The junior safety intercepted a pass in his fifth consecutive game, breaking the school record. Though Campbell hasn't been quite as explosive this season, his timely playmaking continues to anchor the secondary. He faces another challenge now: to better provide help behind the struggling cornerbacks. An excellent and consistent player, it shouldn't take any Northwestern records for him to earn steady praise. He'll be among the key players against Ohio State.
You could make a case–and I will–that Dean Lowry has been NU's best player during the first three weeks. He's posted one sack, with three pass deflections (a vital and underrated quality of his game) and one interception. I predicted he would be the team's breakout player in a preseason feature, and now, I'll brag to remind everyone. In all seriousness, Lowry's ceiling is terrifying. Throughout the offseason, Scott praised his mentality and football IQ; now the game film has matched the hype.
He's on the depth chart for kickoff returns this week. After rising quickly late in training camp, Harris was good enough to lose his redshirt before the season opener. Then, for good measure, the determined true frosh recovered from a concussion sustained during the first play against Cal. He had an excellent return to open the Western Michigan game, and broke up a pass later on. Heck, he should even see an expanded role at corner. The guy can contribute. The future is bright.
Sorry, Fitz: I'm throwing in another freshman. One benefit to his carefulness at burning redshirts involves the hit rate. Whenever his freshmen play, they are good enough. With excellent practice efforts and dedication to learning the playbook, Warren Long showed the requisite mental toughness to play this weekend. He might never be the "feature" back, but with an excellent crop of running backs coming soon to NU, why be cautious? Long played well in the sample size this weekend, showcasing his readiness and trying to become another offensive weapon.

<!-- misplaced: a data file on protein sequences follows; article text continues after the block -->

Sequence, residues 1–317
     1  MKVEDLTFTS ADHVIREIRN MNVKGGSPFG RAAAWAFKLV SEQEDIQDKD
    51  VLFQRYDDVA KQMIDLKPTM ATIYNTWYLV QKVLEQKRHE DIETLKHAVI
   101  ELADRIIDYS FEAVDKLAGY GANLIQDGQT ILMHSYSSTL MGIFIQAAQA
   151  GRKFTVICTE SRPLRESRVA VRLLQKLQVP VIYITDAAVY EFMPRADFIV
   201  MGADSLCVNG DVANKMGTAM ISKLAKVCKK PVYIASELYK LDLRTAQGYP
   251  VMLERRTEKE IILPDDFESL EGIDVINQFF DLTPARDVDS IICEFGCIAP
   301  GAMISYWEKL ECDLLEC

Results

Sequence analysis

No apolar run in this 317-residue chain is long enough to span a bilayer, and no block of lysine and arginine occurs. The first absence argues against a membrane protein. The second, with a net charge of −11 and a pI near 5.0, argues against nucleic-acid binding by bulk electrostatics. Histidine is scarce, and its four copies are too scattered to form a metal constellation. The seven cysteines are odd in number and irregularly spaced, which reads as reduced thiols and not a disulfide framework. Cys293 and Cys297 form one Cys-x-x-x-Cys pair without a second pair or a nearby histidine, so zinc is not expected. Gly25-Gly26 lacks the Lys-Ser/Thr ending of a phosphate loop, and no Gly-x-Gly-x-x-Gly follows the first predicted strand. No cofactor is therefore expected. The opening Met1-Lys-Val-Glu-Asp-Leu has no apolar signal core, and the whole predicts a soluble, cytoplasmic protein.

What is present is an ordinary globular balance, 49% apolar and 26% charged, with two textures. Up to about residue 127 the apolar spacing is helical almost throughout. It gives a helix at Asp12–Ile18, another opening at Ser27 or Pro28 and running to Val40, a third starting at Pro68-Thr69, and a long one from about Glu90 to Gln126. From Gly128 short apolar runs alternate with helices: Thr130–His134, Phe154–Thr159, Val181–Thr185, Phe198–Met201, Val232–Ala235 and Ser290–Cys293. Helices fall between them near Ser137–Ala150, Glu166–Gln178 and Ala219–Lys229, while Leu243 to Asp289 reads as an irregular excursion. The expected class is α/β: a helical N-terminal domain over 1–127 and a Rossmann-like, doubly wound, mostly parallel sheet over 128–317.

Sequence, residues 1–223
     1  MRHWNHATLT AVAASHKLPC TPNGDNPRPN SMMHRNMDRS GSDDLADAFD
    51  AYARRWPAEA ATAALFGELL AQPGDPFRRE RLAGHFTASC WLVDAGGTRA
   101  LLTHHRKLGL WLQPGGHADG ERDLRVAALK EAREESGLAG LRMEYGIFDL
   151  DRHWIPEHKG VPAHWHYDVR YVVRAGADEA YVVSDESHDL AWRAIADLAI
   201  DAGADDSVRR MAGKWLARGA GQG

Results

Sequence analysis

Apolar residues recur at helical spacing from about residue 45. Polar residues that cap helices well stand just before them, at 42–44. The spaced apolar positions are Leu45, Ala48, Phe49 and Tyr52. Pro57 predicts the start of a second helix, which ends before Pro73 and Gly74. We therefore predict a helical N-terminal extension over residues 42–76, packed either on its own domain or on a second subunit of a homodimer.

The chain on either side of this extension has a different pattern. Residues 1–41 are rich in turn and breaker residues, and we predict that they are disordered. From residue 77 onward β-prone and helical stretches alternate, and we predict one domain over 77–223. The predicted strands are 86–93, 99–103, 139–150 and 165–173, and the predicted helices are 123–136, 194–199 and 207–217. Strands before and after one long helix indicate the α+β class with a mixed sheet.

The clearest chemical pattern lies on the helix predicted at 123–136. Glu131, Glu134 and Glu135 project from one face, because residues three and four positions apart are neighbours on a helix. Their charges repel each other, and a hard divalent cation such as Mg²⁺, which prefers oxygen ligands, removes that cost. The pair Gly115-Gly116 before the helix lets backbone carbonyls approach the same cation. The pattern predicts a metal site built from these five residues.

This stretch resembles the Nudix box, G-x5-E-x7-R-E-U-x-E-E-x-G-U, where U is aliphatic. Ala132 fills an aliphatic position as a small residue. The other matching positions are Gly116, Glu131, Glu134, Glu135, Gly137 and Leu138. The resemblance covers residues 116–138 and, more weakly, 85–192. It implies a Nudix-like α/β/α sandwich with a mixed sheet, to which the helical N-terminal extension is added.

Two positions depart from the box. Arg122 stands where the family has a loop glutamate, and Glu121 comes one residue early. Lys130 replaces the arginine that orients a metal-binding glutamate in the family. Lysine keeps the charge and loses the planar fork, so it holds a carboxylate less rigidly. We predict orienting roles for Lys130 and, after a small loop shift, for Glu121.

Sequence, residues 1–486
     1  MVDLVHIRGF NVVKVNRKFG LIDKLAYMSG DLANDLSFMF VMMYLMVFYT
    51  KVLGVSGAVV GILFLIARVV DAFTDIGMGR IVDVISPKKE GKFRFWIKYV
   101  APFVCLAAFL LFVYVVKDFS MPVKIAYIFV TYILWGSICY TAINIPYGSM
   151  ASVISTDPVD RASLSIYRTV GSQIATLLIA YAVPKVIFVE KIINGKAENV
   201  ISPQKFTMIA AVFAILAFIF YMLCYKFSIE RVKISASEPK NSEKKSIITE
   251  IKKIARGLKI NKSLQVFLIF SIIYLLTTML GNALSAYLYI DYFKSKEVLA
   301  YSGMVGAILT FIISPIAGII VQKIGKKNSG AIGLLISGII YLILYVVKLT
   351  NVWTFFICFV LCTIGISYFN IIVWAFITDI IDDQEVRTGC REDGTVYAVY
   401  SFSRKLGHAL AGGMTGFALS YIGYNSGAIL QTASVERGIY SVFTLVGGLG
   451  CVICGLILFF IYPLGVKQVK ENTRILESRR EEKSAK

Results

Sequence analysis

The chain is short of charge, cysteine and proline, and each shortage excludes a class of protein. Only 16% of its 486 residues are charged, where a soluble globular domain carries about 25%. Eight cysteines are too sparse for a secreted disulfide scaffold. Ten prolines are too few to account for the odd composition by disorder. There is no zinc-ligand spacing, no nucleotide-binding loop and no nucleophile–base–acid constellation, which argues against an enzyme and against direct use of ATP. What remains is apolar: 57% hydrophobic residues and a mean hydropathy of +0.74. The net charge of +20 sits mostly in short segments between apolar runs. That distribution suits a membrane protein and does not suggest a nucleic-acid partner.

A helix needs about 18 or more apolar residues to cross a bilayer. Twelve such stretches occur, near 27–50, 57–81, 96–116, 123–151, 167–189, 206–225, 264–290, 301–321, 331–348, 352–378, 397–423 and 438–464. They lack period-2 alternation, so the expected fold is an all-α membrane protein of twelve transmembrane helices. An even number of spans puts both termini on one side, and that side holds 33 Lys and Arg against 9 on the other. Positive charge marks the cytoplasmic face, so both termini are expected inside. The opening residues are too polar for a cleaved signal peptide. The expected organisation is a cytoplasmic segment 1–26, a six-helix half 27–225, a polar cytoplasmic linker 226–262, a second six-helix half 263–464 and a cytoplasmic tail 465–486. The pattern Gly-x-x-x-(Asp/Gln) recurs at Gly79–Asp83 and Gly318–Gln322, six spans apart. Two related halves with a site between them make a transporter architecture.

Play at defensive tackle
The Western Michigan game felt dangerous at times, mainly because opposing tailbacks Brian Fields and Dareyon Chance often found space up the middle. While the defensive ends have been mainly spectacular–with four potential starters in the unit–the defensive tackles have yet to make enough visible impact. Redshirt junior Sean McEvilly had a nice game against the Broncos, with three tackles (1.5 for loss) and one quarterback hit. Otherwise, the race for that second starting role needs to crystalize.
We can't hide from this problem anymore. Daniel Jones' season-ending injury appears potentially disastrous for NU. His replacement, redshirt freshman Dwight White, continues to struggle in a major role. Once considered the dime package option, White was thrust into the role far too soon. The result: inconsistency, over-aggression and some big plays against the secondary. He needs to improve quickly and assuage some concerns before Fitzgerald tries out C.J. Bryant and true freshman Matt Harris.
NU labored through the first quarter against WMU, falling behind 3-0 after a series of costly mistakes. It worked out because the Broncos were entirely overmatched. But when facing better opponents (as the Big Ten schedule nears), NU can't afford to fall behind early. The offensive line encountered rare struggles, letting the WMU front pressure Kain Colter in the early going. Afterwards, it was fine, but Fitzgerald can't be pleased by the initial effort.